2018-08-24Zeitschriftenartikel DOI: 10.18452/19639
The Maximum Lyapunov Exponent During Walking and Running: Reliability Assessment of Different Marker-Sets
The maximum Lyapunov exponent (MLE) has often been suggested as the prominent measure for evaluation of dynamic stability of locomotion in pathological and healthy population. Although the popularity of the MLE has increased in the last years, there is scarce information on the reliability of the method, especially during running. The purpose of the current study was, thus, to examine the reliability of the MLE during both walking and running. Sixteen participants walked and ran on a treadmill completing two measurement blocks (i.e., two trials per day for three consecutive days per block) separated by 2 months on average. Six different marker-sets on the trunk were analyzed. Intraday, interday and between blocks reliability was assessed using the intraclass correlation coefficient (ICC) and the root mean square difference (RMSD). The MLE was on average significantly higher (p < 0.001) in running (1.836 ± 0.080) compared to walking (1.386 ± 0.207). All marker-sets showed excellent ICCs (>0.90) during walking and mostly good ICCs (>0.75) during running. The RMSD ranged from 0.023 to 0.047 for walking and from 0.018 to 0.050 for running. The reliability was better when comparing MLE values between blocks (ICCs: 0.965–0.991 and 0.768–0.961; RMSD: 0.023–0.034 and 0.018–0.027 for walking and running respectively), and worse when considering trials of the same day (ICCs: 0.946–0.980 and 0.739–0.844; RMSD: 0.042–0.047 and 0.045–0.050 for walking and running respectively). Further, different marker-sets affect the reliability of the MLE in both walking and running. Our findings provide evidence that the assessment of dynamic stability using the MLE is reliable in both walking and running. More trials spread over more than 1 day should be considered in study designs with increased demands of accuracy independent of the locomotion condition.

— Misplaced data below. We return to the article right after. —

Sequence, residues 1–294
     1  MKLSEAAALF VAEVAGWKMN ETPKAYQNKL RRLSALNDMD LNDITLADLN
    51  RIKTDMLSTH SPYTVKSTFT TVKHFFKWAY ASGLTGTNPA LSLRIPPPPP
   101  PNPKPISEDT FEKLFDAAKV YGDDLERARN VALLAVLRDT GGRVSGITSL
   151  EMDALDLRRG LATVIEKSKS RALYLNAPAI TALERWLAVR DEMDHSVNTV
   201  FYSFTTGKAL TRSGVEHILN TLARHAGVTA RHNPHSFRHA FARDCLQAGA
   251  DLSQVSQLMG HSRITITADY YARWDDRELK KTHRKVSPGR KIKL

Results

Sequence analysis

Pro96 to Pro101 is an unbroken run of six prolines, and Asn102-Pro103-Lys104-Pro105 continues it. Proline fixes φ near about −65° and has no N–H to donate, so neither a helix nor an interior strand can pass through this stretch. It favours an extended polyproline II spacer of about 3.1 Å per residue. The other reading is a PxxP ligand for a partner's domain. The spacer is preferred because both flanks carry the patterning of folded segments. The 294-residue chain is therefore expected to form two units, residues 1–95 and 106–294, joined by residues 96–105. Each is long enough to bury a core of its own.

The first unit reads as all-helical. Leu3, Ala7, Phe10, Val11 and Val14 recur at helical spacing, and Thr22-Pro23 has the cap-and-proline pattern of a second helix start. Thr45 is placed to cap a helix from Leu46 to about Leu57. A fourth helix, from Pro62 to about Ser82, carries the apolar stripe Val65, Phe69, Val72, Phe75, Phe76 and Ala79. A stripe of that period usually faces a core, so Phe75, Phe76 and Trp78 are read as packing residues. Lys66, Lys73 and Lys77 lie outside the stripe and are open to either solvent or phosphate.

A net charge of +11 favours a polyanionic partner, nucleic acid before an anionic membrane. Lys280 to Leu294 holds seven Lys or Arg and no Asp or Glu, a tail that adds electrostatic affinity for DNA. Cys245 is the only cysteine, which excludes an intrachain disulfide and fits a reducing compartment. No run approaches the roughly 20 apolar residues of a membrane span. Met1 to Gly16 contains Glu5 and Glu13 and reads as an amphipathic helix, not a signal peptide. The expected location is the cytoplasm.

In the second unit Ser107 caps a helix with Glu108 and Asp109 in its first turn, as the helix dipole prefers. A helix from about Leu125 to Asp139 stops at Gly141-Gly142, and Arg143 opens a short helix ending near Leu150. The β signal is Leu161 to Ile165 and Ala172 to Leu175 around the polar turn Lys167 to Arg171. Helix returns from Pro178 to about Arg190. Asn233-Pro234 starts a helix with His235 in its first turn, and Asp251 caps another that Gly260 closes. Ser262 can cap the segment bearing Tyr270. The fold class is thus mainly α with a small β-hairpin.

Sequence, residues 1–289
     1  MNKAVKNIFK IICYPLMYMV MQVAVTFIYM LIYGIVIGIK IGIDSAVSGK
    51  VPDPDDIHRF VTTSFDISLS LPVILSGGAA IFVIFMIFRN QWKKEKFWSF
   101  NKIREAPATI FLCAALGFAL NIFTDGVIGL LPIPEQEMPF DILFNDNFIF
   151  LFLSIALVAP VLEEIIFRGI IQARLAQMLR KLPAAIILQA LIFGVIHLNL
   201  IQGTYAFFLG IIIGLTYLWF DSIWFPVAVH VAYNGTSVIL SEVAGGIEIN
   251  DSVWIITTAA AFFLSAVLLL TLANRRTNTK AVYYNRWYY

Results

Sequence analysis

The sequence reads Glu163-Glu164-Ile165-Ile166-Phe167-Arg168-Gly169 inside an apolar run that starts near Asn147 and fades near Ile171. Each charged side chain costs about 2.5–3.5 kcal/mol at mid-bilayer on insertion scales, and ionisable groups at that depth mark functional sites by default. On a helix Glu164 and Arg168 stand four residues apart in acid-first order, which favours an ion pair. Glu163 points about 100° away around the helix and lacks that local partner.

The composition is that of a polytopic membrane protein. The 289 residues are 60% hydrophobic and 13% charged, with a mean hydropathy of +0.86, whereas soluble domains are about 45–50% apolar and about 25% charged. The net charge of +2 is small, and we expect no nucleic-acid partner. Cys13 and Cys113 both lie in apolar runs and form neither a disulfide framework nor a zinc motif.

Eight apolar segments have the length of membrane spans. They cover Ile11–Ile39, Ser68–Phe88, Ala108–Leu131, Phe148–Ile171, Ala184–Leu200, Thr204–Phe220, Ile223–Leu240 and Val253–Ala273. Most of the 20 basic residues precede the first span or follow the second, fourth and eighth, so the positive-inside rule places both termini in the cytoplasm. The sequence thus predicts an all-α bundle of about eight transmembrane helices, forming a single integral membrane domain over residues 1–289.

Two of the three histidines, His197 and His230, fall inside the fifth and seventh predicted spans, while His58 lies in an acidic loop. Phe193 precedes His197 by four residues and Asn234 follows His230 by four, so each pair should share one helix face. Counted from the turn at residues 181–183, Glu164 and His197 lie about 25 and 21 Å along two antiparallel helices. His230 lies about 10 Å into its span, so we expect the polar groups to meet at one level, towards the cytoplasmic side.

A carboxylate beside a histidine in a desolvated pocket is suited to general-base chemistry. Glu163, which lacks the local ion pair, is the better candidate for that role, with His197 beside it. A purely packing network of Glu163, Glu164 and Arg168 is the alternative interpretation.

This article was supported by the German Research Foundation (DFG) and the Open Access Publication Fund of Humboldt-Universität zu Berlin.